--- On Mon, 4/11/11, Martin Packer <packer@duq.edu> wrote:

From: Martin Packer <packer@duq.edu>
Subject: Re: [xmca] concepts
To: "eXtended Mind, Culture, Activity" <xmca@weber.ucsd.edu>
Date: Monday, April 11, 2011, 8:16 PM


I didn't mean any petard-hoisting, honestly! I just get excited at times
about ideas. Big ones, and little ones too.

Let me respond a bit more appreciatively to what you're saying. I'm most
interested at the moment, in my own work, in trying to understand Vygotsky. I think I share that interest with some others here, but I'm equally sure not everyone has the interest. But to me it's quite fascinating to struggle
to try to interpret and apply texts that I am separated from by time,
language, geography and economic system.

Is there power in knowledge? Do knowledge claims bolster positions of
professional expertise? Do academics not traffic in prestige and advantage even as we make apparently neutral and detached pronouncements about trivial
details? Does success in every endeavor not "depend on a very complex
knowledge of and ability to manipulate determinative politics, discourses, and institutions -- on professional competencies and social privileges that constitute even the 'organic intellectuals'"? (That's Paul Bové beating up
on Charles Taylor in his foreword to Deleuze's book on Foucault.)

Yes, of course. I take Foucault very seriously. Does Vygotsky write about
any of this? No, not really. Does that mean he was not aware of it?
Impossible! This was a man who read Marx, who was living at the time of a revolution whose stated aim it was to correct the distortions that an unjust
society had wrought on human beings, and who was in a position of power
himself when Stalin took control. How could he possibly not have been aware
of the connections between knowledge and power, the micro-politics of

He did write occasionally, as in "The Socialist Formation of Man," of
topics such as the formation of the "psychological superstructure of man" and of "the basic assumption that intellectual production is determined by the form of material production." He wrote that "A fundamental change of the whole system of these [societal] relationships which man is a part of, will also inevitably lead to a change in consciousness, a change in man’s whole behaviour." He even wrote of Nietzsche and questioned his assumption that the will to power would continue to dominate human relations. By and large,
though, his writings let these things pass.

Just as at the beginning of T&S Vygotsky writes that of course emotion and communication are intimately linked to thinking and speaking, but that they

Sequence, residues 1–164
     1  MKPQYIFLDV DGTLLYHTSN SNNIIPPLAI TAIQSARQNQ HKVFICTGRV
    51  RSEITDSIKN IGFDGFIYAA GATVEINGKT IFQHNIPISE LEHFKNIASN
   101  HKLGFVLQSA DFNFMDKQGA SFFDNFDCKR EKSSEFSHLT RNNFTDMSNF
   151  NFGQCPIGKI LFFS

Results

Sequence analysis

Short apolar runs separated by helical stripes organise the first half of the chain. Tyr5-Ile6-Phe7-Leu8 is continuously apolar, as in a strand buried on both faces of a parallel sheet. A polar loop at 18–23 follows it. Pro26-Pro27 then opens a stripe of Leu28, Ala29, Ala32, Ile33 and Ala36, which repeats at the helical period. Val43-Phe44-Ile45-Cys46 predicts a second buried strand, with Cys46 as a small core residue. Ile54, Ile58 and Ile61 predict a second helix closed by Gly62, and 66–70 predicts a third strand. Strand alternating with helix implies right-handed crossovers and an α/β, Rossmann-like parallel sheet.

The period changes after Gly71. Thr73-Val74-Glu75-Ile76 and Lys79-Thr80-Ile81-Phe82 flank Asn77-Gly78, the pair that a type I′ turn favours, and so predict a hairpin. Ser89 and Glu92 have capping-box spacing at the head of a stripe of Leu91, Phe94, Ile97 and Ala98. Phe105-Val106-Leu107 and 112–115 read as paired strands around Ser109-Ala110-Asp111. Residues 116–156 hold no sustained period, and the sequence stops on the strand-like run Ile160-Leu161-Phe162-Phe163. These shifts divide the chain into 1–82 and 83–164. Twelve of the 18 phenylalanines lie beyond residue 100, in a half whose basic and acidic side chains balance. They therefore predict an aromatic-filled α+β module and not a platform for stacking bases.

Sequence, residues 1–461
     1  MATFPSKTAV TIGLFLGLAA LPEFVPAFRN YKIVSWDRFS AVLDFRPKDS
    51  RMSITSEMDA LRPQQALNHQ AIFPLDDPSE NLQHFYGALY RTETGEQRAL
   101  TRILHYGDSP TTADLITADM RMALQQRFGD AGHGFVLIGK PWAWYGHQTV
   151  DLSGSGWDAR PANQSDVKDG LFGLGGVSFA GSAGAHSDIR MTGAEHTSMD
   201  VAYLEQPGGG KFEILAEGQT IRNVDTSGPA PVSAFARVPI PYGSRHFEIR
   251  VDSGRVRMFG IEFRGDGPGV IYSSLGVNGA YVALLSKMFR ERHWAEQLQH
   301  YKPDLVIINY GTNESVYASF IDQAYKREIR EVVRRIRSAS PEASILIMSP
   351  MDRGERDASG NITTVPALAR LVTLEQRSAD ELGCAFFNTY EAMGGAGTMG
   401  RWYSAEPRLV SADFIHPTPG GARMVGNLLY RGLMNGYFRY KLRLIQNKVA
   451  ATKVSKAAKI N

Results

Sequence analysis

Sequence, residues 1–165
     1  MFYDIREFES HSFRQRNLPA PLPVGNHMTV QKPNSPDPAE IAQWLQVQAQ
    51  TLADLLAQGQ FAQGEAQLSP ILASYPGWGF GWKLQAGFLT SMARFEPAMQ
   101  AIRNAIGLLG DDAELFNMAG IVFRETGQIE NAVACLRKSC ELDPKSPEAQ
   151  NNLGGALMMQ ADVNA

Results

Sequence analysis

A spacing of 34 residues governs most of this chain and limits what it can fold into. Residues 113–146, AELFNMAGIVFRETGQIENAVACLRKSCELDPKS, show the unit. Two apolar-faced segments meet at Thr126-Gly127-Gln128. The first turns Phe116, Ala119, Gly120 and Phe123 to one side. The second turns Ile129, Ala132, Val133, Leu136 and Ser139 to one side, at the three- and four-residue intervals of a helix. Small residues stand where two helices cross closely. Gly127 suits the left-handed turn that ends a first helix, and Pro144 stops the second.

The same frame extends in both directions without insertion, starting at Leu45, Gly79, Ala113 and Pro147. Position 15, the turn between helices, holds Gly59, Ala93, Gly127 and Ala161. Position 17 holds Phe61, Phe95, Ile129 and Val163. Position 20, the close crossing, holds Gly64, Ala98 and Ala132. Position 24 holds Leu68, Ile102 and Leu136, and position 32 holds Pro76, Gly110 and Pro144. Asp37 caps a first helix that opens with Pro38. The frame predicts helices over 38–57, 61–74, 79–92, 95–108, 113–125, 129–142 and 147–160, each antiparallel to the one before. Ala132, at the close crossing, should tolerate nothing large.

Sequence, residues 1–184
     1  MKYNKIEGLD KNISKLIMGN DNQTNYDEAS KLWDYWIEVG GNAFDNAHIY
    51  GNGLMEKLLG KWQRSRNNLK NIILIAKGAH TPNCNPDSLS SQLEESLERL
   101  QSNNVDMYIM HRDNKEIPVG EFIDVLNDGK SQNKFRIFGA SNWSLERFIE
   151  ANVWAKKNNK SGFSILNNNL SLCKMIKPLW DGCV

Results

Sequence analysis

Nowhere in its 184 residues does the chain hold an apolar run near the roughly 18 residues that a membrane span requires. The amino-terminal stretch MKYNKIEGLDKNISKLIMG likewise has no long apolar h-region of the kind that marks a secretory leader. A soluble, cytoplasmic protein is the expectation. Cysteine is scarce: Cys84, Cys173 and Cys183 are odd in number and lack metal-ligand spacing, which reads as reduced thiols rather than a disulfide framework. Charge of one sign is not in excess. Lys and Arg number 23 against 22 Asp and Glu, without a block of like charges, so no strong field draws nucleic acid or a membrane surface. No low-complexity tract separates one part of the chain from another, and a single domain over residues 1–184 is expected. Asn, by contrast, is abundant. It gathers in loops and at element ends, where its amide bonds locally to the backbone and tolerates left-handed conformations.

must fade into the background in his analysis in that book, I read all
Vygotsky's texts assuming that politics and power are also in the
background, unspoken but not forgotten. Then, to me, it seems that what
Vygotsky was doing is similar to what Foucault was doing in his writings on the ethics of self-formation. He is focused on the *formation* of subjects, and of forms of subjectivity, as children grow into adults in whatever kind of distorted social order they happen to be born into. Could he explicitly put it that way? Did he have the space or time to spell out the whole story?
Or do we have to do it for him?

Bottom line, I don't see that a politics of concepts is in any clear way
incompatible with Vygotsky's project, as I grasp it. His 'concrete
psychology' of the Moscow tram driver would also be a study of the American


On Apr 11, 2011, at 8:52 PM, White, Phillip wrote:

ah, the bliss of being hoisted upon one's own petard!  thanks, Martin.

yeah, Foucault's use of concept is constant.

what i was obliquely attempting to get at was that the term 'concept'
could be seen as highfalutin, rather than, say, the term "big idea". (hah!
of course, my father would rebuke me with, "What's the big idea?!")

but what i mean is that concept is another word for idea.  and an idea
that appears to be difficult to grasp, abstract in short, could be seen as a
'big idea'.

it's about lingo, using latinate/greek words, rather than those little
ordinary daily words.

it even seems to me that when, say, i'm teaching about "community of
practice" - i guess we could say that's a pretty big concept, or even
"legitimate peripheral participation", that initially it seems abstract, but
once everyone in the class talks about it, that over time, with concrete
examples from experience, that "community of practice" no longer seems
abstract. in fact, it seems quite real and people can identify it when they observe it, just like they can identify the difference between an ornamental
pear tree and a comice pear tree.

takes me back to Bateson - that making sense of the world, recognizing
the patterns, is recognizing the difference that makes a difference. and
it's that curious difference wherein a child over time can distinguish
bertween a cat and a dog and a horse and a donkey, and it's through
recognizing the difference that makes a difference.

so, while Foucault didn't suggest it, i'm suggesting that one of the ways
experts claimed expertise was to employ a vocabulary that would set the
profession apart from the everyday world of being.

am i being anti-intellectual?

because when with my students we been reading Lave, say, and there is
always someone who complains about her vocabulary, i always argue in support
of her vocabulary.

internal contractions.


Phillip White, PhD
University of Colorado Denver
School of Education
From: xmca-bounces@weber.ucsd.edu [xmca-bounces@weber.ucsd.edu] On
Behalf Of Martin Packer [packer@duq.edu]
Sent: Monday, April 11, 2011 5:38 PM
To: eXtended Mind, Culture, Activity
Subject: Re: [xmca] concepts



wasn't Foucault's central concern in, say, The Order of Things, to
explore the *basis* on which human knowledge, or knowledges, are
constituted? In his terms, within a discursive formation there is a
dispersion of concepts. An ordering of words is used to order what can be
seen in the world. The point was not that there is no such thing as